How exhausted has metro/rural placebaiting become? Take the example from the United States Senate race, featured in the Austin Daily Herald story, Housley: U.S. Senate candidate for Franken’s seat in upcoming primary, by Hannah Yang.
However, one of the major factors that played into Housley running for U.S. Senate was her frustrations with Dayton’s and Smith’s leadership, and said that the officials did not have the best interests of “all Minnesotans” at heart.
“I couldn’t let Tina Smith represent all Minnesotans because there’s more to Minnesota than Minneapolis and St. Paul,” she said. “She’s metro-centric and forgets about all the people in Greater Minnesota.”
Now, we're puzzled by Housley's claim to knowing about Smith's memory, but the comment might raise question about what she herself forgets. Elsewhere in the press, we earn that Housley grew up in South St. Paul, the working class center of Minnesota's political universe. Now she lives in Washington County, part of the traditional seven-county metro region.
Of course, this leaves her uniquely qualified to remember Greater Minnesota. Or at least uniquely qualified as an emblem of the absurdity of the Evil Metro rhetoric she's deployed against Smith in her interview with Yang.
(As for the other senate race, GOP candidate Jim Newberger, he's also a metro candidate, since Sherburne County is part of the 2009 Metro definition that the state legislature used in its 50-50 urban vs. rural split for new safe school funding. But we digress).
As for Smith's record of policies that remember Greater Minnesota, Housley has forgotten Smith's leadership in rural broadband development. She also seems to have forgotten that Smith talked about the importance of the Farm Bill:
Smith is on the Senate Agriculture Committee and says there are things the new Farm Bill must include: crop insurance, sugar and dairy programs, rural development and nutrition programs.
“Which are a big part of the Farm Bill, very important to Minnesota and especially Greater Minnesota,” said Smith.
Or maybe Housley forgets that Smith got out a lot as Lt. Governor, as Forum Communications' Don Davis reported in Smith becomes Minnesota U.S. senator:
Tina Smith says she understands greater Minnesota's needs as she takes over for U.S. Sen. Al Franken.
"I have traveled every corner of the state," the Minneapolis resident told Forum News Service in a telephone interview Wednesday, Jan. 3, after she took the oath to become senator.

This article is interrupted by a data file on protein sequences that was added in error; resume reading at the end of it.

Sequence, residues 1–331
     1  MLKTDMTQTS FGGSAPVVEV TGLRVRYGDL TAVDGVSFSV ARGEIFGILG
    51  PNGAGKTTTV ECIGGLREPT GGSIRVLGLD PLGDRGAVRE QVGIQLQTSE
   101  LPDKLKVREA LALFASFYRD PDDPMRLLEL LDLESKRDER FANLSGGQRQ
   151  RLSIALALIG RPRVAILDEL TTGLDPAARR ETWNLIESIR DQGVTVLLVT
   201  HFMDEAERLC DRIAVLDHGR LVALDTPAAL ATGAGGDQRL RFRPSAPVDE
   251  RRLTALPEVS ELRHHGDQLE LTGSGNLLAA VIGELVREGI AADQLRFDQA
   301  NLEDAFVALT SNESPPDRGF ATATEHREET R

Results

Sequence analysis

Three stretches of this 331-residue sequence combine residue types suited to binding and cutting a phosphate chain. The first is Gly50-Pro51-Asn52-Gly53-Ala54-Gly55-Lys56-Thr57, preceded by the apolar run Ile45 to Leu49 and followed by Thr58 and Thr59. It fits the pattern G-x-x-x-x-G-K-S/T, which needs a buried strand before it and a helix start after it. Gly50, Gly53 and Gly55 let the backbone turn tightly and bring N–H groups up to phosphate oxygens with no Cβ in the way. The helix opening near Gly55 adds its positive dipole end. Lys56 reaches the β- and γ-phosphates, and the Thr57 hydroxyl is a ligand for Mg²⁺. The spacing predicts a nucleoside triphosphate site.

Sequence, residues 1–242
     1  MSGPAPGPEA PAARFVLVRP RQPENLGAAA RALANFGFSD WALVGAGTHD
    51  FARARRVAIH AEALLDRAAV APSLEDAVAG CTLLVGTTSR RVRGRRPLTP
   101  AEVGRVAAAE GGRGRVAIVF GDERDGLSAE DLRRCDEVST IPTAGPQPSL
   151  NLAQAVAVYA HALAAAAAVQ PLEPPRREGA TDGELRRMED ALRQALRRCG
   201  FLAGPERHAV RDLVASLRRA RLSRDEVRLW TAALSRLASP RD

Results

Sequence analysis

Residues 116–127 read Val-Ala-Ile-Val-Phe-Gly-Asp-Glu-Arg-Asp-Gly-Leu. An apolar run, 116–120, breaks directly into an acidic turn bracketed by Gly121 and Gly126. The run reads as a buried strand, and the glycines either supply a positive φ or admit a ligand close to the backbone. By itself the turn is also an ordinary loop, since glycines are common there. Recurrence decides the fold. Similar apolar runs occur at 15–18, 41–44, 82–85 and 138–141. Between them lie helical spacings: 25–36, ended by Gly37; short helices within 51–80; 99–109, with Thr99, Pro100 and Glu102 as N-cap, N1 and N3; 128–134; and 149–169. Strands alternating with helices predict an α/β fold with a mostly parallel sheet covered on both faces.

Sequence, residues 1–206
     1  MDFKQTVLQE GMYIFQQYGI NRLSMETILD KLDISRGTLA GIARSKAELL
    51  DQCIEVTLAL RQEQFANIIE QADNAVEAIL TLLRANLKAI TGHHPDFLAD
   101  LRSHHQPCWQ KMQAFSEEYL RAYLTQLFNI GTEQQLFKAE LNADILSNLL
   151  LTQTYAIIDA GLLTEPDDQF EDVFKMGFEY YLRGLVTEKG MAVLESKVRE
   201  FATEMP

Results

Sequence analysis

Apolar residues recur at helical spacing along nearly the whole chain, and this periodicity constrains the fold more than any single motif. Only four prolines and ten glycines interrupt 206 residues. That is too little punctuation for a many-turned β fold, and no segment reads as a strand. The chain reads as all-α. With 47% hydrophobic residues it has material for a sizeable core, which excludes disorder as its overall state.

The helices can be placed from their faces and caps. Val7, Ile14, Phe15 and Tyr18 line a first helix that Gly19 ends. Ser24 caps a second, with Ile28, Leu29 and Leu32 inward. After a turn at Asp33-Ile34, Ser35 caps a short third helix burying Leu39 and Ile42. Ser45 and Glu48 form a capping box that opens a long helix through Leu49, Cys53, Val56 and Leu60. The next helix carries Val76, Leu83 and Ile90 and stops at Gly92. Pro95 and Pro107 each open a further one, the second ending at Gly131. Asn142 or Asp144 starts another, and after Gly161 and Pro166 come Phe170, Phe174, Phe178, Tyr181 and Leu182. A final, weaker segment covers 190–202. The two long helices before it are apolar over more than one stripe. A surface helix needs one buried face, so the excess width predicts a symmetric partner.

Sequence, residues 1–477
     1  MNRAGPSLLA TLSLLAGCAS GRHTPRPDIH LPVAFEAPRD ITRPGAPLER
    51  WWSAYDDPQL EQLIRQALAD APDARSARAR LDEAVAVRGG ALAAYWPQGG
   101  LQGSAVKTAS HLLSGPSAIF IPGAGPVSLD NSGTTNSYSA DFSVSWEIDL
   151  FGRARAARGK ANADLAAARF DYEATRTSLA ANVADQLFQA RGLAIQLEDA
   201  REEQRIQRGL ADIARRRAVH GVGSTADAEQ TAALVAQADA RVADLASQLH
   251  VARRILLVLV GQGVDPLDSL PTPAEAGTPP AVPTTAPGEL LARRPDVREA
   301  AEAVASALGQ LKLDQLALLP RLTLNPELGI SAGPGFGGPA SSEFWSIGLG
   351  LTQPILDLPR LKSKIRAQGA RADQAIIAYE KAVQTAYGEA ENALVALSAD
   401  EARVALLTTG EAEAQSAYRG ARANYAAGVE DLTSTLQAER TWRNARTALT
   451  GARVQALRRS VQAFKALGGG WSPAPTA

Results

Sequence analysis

That, she said, included learning how important agriculture is to Minnesota. "It is sort of the foundation stone to the economy."
Smith touted the importance of more federal funding to help greater Minnesota, including expanding high-speed internet in rural areas, fighting opioids and improving rural health care.
And then there's the recent touring of flood-stricken areas in southwestern Minnesota.
Housley shouldn't be blamed for repeating this mindless twaddle. Rather, we're hoping to learn those who gain from placebaiting and those who fund such efforts. Meanwhile, voters should use critical thinking to help them make sound decisions in the face of what is politely called "messaging" and "storytelling" by the cool kids these days.
Double irony alert: Housley positions herself as a suburban lady with a keen memory about Greater Minnesota (except for the Tina Smith part), while some DFLers are fretting about suburban lady from the Minnesota House running for Lt. Governor as not being able to connect with Greater Minnesota (though another suburban lady running for the same position on another ticket doesn't seem to be hobbled by that geographic defect).
We think that readers should look to the policy ideas espoused by candidates, wherever they collect their mail.
Photo: Tina Smith visits the biggest cottonwood tree in all of Minnesota. We don't care where you live; that's one heckova tree. Tweet here:
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